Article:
Whether it's wise or not depends on what you think and what you should consider are the risks both ways.
What are the risks?
Let's say that the company produces great value and its current price and initial price are well below what it's worth.
By investing some of your money in the company, you can take advantage of this value and capitalize off of it if the market recognizes this value too, or when the market does (if it's a successful company it will be a matter of when).
Other reasons to be for it are that the tech industry is considered a solid industry and a lot of money is flowing into it.
Therefore, if this assumption is correct, you may assume that your job is safe even if your investment doesn't pay off (meaning, you don't lose income, but your investment may not be a great move).
Let's say that you dump a lot of money into your company and invest in the stock. You're being paid by the company, you're taking some of that money and investing it in the company, meaning that, depending on how much you make outside the company, you are increasing your risk of loss if something negative happens to the company (ie: it fails).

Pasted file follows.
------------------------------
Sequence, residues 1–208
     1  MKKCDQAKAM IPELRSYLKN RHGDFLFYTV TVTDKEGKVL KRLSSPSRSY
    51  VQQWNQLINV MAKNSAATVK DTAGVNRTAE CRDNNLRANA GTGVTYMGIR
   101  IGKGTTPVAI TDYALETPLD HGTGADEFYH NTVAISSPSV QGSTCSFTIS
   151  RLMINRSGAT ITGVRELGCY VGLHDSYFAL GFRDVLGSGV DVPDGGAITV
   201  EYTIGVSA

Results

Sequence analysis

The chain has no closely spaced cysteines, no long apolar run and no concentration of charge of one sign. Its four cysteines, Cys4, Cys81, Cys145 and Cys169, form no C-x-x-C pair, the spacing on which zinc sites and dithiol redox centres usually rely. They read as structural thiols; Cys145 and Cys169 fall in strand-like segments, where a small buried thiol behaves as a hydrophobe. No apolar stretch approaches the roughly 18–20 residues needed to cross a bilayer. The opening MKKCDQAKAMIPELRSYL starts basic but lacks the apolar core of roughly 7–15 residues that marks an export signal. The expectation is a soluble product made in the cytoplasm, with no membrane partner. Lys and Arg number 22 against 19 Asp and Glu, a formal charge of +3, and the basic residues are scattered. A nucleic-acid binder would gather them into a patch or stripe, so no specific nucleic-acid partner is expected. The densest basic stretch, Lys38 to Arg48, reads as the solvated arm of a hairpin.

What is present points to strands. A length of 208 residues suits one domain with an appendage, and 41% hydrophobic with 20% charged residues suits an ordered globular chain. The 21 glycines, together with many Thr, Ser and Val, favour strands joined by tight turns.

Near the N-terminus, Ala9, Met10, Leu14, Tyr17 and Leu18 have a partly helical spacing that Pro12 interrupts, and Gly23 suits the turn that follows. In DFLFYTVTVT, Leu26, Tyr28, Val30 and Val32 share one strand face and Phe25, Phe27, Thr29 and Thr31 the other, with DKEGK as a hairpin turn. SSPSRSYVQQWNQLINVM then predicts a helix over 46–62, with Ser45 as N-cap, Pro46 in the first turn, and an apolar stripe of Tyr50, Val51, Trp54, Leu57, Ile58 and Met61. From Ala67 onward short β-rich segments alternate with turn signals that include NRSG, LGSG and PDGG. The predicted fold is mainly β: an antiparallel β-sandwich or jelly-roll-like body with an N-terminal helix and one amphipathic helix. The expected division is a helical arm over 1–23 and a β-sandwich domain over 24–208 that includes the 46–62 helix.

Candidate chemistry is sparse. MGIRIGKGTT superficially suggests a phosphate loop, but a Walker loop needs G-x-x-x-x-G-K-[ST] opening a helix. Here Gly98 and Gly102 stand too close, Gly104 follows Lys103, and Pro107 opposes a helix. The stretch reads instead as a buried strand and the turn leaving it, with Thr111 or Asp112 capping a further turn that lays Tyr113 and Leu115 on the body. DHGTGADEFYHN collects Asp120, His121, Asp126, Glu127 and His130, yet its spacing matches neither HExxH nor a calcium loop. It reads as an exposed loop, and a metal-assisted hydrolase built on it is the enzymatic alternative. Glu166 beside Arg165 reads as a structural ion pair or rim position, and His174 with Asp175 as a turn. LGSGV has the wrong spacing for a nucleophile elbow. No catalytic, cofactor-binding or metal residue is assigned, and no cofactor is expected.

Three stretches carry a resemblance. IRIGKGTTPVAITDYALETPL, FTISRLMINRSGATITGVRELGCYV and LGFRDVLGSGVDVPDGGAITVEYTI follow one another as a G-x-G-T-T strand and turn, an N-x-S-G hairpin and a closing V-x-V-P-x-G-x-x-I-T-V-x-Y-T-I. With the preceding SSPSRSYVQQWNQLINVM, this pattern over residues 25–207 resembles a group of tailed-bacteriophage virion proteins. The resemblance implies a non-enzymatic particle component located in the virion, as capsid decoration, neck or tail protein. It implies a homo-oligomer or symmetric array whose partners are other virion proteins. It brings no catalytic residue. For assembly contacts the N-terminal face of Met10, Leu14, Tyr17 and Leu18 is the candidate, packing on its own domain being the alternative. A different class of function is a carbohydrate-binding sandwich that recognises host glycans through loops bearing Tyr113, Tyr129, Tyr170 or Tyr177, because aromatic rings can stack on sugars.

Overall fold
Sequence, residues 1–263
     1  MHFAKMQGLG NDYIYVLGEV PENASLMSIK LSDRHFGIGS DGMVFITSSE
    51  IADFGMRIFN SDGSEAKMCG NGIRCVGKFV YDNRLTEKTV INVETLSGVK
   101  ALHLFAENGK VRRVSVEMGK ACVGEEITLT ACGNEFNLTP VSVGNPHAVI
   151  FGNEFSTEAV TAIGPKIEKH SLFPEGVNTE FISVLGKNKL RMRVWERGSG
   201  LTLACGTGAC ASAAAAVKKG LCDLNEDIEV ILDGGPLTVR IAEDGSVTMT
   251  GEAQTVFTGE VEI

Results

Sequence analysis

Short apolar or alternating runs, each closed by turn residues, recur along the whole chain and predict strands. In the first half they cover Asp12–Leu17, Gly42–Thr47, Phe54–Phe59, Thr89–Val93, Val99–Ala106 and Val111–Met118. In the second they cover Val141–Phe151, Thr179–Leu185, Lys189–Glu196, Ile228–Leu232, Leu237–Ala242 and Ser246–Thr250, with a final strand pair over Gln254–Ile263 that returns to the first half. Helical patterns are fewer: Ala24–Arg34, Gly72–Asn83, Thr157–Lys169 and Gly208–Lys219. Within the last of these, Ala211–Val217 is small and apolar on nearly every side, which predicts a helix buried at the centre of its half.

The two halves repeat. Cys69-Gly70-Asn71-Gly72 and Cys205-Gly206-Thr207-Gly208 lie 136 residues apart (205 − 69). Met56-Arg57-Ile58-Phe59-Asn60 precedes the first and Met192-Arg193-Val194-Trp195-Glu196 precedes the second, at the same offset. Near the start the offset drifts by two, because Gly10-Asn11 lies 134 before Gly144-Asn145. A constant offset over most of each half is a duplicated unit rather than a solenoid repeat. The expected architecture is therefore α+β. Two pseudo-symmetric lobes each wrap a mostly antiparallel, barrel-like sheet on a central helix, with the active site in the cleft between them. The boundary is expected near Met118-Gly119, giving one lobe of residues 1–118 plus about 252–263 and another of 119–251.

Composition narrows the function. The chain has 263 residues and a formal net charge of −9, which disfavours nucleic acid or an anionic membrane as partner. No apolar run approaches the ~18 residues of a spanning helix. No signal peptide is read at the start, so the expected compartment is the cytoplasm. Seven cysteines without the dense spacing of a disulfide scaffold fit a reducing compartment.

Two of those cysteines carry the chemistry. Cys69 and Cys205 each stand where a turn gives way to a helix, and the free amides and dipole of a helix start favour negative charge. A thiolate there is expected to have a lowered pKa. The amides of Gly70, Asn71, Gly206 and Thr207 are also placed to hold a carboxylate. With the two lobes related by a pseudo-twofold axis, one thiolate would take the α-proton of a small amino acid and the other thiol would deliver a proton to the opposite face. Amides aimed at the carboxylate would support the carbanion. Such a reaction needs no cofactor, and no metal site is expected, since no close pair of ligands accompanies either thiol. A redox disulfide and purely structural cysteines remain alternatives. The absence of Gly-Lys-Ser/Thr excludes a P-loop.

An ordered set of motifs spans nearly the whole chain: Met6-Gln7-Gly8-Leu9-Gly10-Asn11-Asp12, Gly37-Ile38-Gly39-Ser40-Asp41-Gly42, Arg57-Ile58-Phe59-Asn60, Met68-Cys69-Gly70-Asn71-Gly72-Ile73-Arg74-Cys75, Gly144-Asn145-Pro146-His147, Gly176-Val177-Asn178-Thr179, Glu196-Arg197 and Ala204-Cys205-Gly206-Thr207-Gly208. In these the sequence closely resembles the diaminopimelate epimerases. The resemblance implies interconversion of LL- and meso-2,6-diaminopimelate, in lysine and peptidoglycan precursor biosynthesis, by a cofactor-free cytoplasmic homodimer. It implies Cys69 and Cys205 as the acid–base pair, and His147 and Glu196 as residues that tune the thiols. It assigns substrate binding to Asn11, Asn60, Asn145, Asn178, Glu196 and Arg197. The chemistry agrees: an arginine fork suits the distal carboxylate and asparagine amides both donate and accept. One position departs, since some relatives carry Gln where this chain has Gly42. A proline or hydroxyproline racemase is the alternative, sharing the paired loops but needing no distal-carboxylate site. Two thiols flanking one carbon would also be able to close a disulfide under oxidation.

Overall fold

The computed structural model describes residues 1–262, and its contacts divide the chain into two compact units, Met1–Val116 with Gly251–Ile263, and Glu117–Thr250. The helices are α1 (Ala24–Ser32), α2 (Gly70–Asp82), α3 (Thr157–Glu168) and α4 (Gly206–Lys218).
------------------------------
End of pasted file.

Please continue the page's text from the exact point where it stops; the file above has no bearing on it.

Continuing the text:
Other reasons to be against it are just the opposite as above: due to the NSA, some analysts (like Mish, ZeroHedge, and others) think that the world will cut back on doing IT business with the United States, thus the tech industry will take a major hit over the next decade.
Investing in Initial Public Offerings (IPOs)
In addition to that, Jesse Colombo (@TheBubbleBubble) on Twitter is predicting that there's another tech bubble and it will make a mess when it pops (to be fair to Colombo, he was one of analysts who predicted the housing bubble and his predictions on trading are often right).
Finally, there is a risk of lost money and there is also a risk of lost opportunity.
Looking at your past investments, which generally hurt more? That might give you a clue what to do.
answered Jan 10 '14 at 19:50
61911 gold badge55 silver badges1111 bronze badges